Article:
Burchfield, who also was a guest expert in Council Chambers, agreed the questions the city must answer are social ones. What are people willing to accept when it comes to management and processes?

“Those are things that take time and the city has done well in the past,” Burchfield said.

Long said Fish, Wildlife and Parks will help the city of Missoula reach its goal, but he said the goal is up to the city. To make a dent, the population probably would need to be reduced by 500 to 1,000 deer, and Long said “not everybody will support that idea, I don’t think.”

In fact, he said in Missoula, some people want to see the deer in their yard eradicated, but their neighbors can’t bear the idea of anyone hurting the ungulates. But he said the deer always have been in Missoula, and the problem isn’t new.

“Legislation gives cities the opportunity to create a plan to manage deer for urban wildlife issues. So you have that authority,” Long told councilors.

Helena is managing its deer population, but the Missoula Valley is a trickier landscape, Long said. Animals move back and forth along river corridors, in and out of city limits, and in and out of riparian habitats. But he mentioned various ways the city could enforce population reduction and suggested working with Missoula County Commissioners, too.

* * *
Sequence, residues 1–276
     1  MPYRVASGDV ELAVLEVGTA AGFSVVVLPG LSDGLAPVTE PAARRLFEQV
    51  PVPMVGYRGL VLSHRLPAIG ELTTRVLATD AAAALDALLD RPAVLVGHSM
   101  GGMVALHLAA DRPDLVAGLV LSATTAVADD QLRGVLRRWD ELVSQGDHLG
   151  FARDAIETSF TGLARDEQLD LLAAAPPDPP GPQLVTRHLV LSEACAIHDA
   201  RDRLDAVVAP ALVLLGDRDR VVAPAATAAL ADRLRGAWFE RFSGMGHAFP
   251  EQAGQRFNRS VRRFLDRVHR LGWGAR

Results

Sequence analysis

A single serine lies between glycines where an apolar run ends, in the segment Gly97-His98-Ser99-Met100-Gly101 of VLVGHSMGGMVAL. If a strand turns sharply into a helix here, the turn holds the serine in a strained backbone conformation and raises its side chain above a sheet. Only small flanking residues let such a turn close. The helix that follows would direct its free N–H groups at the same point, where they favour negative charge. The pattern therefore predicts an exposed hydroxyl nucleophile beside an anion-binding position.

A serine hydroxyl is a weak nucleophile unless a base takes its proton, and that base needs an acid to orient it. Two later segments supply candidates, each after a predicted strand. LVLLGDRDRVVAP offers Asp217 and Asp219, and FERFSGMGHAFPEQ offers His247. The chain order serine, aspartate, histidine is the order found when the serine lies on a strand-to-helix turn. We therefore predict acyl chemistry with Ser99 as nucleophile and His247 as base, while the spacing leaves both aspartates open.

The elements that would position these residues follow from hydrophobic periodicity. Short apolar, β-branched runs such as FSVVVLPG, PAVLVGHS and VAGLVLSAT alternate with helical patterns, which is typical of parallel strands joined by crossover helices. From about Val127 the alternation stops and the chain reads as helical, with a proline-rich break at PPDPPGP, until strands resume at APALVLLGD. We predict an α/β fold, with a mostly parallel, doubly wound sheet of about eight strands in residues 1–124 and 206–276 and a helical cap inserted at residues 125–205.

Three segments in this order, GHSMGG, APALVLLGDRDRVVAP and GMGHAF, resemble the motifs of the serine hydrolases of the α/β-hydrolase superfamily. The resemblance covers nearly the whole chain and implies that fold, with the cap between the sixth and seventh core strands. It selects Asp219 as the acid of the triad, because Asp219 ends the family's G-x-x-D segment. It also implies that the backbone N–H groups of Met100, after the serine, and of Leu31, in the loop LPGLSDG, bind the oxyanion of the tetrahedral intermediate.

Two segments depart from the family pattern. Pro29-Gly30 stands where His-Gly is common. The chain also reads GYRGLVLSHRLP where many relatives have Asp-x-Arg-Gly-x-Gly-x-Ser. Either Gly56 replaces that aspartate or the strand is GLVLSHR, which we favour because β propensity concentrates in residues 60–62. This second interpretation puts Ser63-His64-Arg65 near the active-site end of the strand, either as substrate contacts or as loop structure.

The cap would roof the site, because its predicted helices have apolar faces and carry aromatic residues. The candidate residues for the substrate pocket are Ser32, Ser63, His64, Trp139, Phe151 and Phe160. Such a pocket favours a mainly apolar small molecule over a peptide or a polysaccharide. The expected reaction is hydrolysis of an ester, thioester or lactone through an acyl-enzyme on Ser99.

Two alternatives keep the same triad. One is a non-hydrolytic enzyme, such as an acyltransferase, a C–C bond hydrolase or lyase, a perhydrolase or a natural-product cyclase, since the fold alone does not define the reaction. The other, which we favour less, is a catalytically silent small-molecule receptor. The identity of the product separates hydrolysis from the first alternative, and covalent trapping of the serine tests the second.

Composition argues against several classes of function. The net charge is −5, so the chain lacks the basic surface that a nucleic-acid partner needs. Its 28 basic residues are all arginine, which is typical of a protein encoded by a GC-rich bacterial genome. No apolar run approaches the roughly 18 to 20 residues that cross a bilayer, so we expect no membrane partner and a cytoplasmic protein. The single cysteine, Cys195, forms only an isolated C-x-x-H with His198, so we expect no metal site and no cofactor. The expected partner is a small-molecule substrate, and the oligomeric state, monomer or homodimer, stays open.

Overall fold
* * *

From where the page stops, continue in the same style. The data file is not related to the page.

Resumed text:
Currently, the agency kills a couple hundred deer a year, Long said. Most of those are animals that have been injured, for example, in a car wreck. Residents are prohibited from shooting firearms in city limits, but agency officials can do so.

Long said Fish, Wildlife and Parks doesn’t shoot deer with nail guns. Methods of managing the population could include sterilizing deer, tranquilizing and then shooting them dead, or trapping them and euthanizing them with drugs.

In Helena, some deer meat goes to the local food bank, but Councilman Dave Strohmaier wanted to know if urban deer, who are grazing on vegetation that is treated with various pesticides, would still yield healthy meat.